Info, please: Buckhannon seeking pipeline details

An editorial from The Inter-Mountain         

ELKINS, W.Va. — Buckhannon city officials are tired of waiting patiently.

They still have not received specific information from Dominion regarding how the company plans to engineer, construct and protect the proposed Atlantic Coast Pipeline’s local source water crossings.

As a result, officials plan to submit a letter of concern to the Federal Energy Regulatory Commission. FERC is conducting an Environmental Impact Study on the proposed pipeline. Dominion is seeking a Certificate of Public Necessity in order to construct the 550-mile pipeline across three states, including through private property by way of eminent domain.

City Engineer Jay Hollen has been seeking information on the precise methods the company plans to use to cross the Buckhannon river and other streams. Though he has been requesting this information since December, he said he still hasn’t received it as of this week.

The letter, which Hollen plans to submit, is not in support of or against the pipeline. It only states concerns regarding river and stream crossings.

Hollen has voiced concerns to Dominion on numerous occasions and requested specific information such as plan and profile sheets, details, specifications, casing pipe information and other information for the city to review.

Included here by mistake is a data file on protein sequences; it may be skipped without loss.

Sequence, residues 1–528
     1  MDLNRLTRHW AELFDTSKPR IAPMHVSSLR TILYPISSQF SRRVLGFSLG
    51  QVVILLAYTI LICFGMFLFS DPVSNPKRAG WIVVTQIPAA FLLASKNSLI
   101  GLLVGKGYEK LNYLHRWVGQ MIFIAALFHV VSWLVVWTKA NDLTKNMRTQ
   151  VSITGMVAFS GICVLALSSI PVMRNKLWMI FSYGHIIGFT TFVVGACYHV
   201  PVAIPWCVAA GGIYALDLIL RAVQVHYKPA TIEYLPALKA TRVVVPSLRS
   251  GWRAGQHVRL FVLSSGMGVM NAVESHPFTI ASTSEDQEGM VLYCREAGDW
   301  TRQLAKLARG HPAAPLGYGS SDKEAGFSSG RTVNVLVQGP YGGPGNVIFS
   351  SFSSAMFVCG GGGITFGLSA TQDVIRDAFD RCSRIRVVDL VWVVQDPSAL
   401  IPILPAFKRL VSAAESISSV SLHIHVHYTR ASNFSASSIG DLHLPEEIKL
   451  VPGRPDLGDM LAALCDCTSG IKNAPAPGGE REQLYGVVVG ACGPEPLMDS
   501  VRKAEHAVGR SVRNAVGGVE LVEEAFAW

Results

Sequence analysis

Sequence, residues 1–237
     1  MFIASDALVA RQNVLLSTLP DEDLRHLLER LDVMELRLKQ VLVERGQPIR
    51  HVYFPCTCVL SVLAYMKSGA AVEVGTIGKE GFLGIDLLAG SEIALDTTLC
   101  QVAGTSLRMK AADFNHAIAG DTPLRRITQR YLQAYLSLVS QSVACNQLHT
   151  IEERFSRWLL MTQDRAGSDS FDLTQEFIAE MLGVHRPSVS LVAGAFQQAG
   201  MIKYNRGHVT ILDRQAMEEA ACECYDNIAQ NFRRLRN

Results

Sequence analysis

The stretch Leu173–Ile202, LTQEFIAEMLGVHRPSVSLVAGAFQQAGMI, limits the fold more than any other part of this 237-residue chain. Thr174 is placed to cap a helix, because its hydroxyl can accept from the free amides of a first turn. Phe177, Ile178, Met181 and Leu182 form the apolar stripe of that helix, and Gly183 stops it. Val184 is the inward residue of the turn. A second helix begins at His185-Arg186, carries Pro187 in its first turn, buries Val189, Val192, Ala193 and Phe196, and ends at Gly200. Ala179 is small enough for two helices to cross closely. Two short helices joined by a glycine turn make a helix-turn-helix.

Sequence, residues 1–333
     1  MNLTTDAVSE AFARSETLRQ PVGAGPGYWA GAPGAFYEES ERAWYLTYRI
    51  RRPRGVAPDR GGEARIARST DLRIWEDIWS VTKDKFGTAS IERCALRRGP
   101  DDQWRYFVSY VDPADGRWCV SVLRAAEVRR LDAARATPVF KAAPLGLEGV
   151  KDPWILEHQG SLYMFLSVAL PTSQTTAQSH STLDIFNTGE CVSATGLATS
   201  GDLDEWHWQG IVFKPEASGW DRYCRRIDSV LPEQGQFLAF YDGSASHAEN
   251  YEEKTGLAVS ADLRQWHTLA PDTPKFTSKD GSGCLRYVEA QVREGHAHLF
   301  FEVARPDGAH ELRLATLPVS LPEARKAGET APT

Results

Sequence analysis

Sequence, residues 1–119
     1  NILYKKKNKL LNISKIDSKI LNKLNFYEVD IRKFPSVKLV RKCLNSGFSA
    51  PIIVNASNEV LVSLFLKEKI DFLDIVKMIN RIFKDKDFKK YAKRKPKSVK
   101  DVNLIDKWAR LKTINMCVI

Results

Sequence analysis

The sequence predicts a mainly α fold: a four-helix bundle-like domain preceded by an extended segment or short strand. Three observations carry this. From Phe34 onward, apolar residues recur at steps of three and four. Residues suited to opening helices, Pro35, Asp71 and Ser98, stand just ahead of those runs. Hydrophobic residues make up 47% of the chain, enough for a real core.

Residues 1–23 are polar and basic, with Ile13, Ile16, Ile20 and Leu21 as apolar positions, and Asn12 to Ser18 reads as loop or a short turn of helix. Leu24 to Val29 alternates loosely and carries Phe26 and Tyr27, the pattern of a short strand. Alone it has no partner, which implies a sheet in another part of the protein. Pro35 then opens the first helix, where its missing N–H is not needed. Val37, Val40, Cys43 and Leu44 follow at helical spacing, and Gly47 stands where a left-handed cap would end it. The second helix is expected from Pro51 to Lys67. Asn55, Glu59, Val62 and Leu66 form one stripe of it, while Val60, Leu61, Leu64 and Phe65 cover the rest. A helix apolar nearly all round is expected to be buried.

Such information has yet to be provided, even in meetings with Dominion officials held as late as April 6. During that meeting, Robert Orndorff, Dominion’s senior policy advisor for state and local affairs, told officials because the exact route of the pipeline hasn’t been determined, engineering and design of river and stream crossings have not yet been completed.

In a draft of the letter to the Commission Hollen stated he found it “hard to believe” a project of such magnitude, which is ready to be submitted in three months, does not have engineering and design completed for river and stream crossings.

In addition to stating the city’s concerns, the letter asks that the city become an intervenor in Commission proceedings. This will allow the city to play a more formal role in the pipeline, including the ability to file briefs, appear at hearings and be heard in court if the need arises.

The pipeline will cross the Buckhannon River and eight streams, all of which are the county’s only source of raw water, according to Hollen.

In addition to crossing the river between Hampton and Sago, the pipeline would cross Cutright Run, an unnamed tributary of French Creek, French Creek, an unnamed tributary of Trubie Run, an unnamed tributary of the Buckhannon River, Grassy Run, Gravel Run and Laurel Run.

All of these streams ultimately converge at various points along the Buckhannon River, Hollen said.

We urge Dominion to communicate with Buckhannon city officials. The pipeline project could have a tremendous impact on the area, and city officials have a right to know what’s being planned.

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